Film, Video Rosie Head oral history interview conducted by John Dittmer in Tchula, Mississippi, 2013 March 13
Rosie Head oral history interview conducted by John Dittmer in Tchula, Mississippi, 2013 March 13
About this Item
- Rosie Head oral history interview conducted by John Dittmer in Tchula, Mississippi, 2013 March 13
- Rosie Head describes her early life in Greenwood, Mississippi, where her family lived and worked on a plantation. She discusses how her parents faced racial discrimination in their work and how they were cheated by the plantation owner and then blacklisted. In 1964, Head joined the Civil Rights Movement in Tchula, Mississippi, where her family had relocated. Head recounts the various ways she was involved in the movement: registering voters, working with Freedom Summer volunteers, helping to establish the Child Development Group of Mississippi, and campaigning for black candidates for political office.
- Head, Rosie M., interviewee
- Dittmer, John, 1939- interviewer
- Civil Rights History Project (U.S.)
Created / Published
- - Head, Rosie M.--Interviews
- - Child Development Group of Mississippi
- - Mississippi Freedom Project
- - African American civil rights workers--Mississippi--Interviews
- - Civil rights movements--Mississippi
- - Civil rights movements--United States
- - Head Start programs--Mississippi
- - Voter registration--Mississippi
- Filmed Interviews
- Oral histories
- Video recordings
- - Recorded in Tchula, Mississippi, on March 13, 2013.
- - Civil Rights History Project Collection (AFC 2010/039), Archive of Folk Culture, American Folklife Center, Library of Congress, Washington, D.C.
- - Copies of items are also held at the National Museum of African American History and Culture (U.S.).
- - Rosie Head Howze was a civil rights activist in Mississippi. She worked in many different roles providing community services for children.
- - The Civil Rights History Project is a joint project of the American Folklife Center, Library of Congress and the Smithsonian Institution National Museum of African American History and Culture to collect video and audio recordings of personal histories and testimonials of individuals who participated in the Civil Rights movement.
- - In English.
- - Finding aid http://hdl.loc.gov/loc.afc/eadafc.af013005
- 7 video files of 7 (Apple ProRes 422 HQ, QuickTime wrapper) (79 min.) : digital, sound, color.
- 1 transcript (43 pages).
- Civil Rights History Project collection AFC 2010/039: 0074
- Library of Congress Archive of Folk Culture, American Folklife Center, 101 Independence Ave. S.E., Washington, DC USA 20540-4610 http://hdl.loc.gov/loc.afc/folklife.home
Library of Congress Control Number
- Collection is open for research. Access to recordings may be restricted. To request materials, please contact the Folklife Reading Room at http://hdl.loc.gov/loc.afc/folklife.contact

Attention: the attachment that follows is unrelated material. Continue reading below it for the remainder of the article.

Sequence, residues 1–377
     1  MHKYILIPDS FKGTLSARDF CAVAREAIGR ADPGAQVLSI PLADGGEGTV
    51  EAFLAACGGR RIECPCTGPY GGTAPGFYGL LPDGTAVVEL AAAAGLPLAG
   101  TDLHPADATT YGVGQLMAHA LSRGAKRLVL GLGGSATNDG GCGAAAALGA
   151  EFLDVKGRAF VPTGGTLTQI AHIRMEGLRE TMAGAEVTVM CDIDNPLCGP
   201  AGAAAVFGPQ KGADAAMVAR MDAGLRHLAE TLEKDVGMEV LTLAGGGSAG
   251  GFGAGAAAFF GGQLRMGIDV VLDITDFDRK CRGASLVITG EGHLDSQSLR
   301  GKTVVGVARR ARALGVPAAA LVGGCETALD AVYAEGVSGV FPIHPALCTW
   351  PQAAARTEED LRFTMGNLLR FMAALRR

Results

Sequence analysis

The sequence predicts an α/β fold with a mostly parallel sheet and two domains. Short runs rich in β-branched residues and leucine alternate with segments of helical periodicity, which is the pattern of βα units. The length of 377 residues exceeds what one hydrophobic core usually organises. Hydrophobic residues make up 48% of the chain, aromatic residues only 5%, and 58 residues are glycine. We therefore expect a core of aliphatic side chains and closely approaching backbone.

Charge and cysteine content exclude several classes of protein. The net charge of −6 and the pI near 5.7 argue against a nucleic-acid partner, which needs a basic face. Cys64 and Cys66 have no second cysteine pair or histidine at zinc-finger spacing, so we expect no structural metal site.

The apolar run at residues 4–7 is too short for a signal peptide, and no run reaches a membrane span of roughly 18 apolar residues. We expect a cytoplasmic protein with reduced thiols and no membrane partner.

Additional Metadata Formats
IIIF Presentation Manifest
Rights & Access
The individuals documented in these collection items retain copyright and related rights to the use of their recorded and written testimonies and memories. They have granted the Library of Congress and the Smithsonian Institution permission to provide access to their interviews and related materials for purposes that are consistent with each agency’s educational mission, such as publication and transmission, in whole or in part, on the Web. Their written permission is required for commercial, profit-making distribution, reproduction, or other use beyond that allowed by fair use or other statutory exemptions. Responsibility for making an independent legal assessment of an item and securing any necessary permissions ultimately rests with persons desiring to use the item. See our Legal Notices and Privacy and Publicity Rights for additional information and restrictions.
The American Folklife Center, the Smithsonian National Museum of African American History and Culture and the professional fieldworkers who carry out these projects feel a strong ethical responsibility to the people they have visited and who have consented to have their lives documented for the historical record. The Center asks that researchers approach the materials in this collection with respect for the culture and sensibilities of the people whose lives, ideas, and creativity are documented here. Researchers are also reminded that privacy and publicity rights may pertain to certain uses of this material.
Researchers or others who would like to make further use of these collection materials should contact the Folklife Reading Room for assistance.
Civil Rights History Project collection (AFC 2010/039), American Folklife Center, Library of Congress
Cite This Item
Citations are generated automatically from bibliographic data as a convenience, and may not be complete or accurate.
Chicago citation style:
Head, Rosie M., Interviewee, John Dittmer, and U.S Civil Rights History Project. Rosie Head oral history interview conducted by John Dittmer in Tchula, Mississippi. 2013. Video. https://www.loc.gov/item/2015669173/.
APA citation style:
Head, R. M., Dittmer, J. & Civil Rights History Project, U. S. (2013) Rosie Head oral history interview conducted by John Dittmer in Tchula, Mississippi. [Video] Retrieved from the Library of Congress, https://www.loc.gov/item/2015669173/.
MLA citation style:
Head, Rosie M., Interviewee, John Dittmer, and U.S Civil Rights History Project. Rosie Head oral history interview conducted by John Dittmer in Tchula, Mississippi. 2013. Video. Retrieved from the Library of Congress, <www.loc.gov/item/2015669173/>.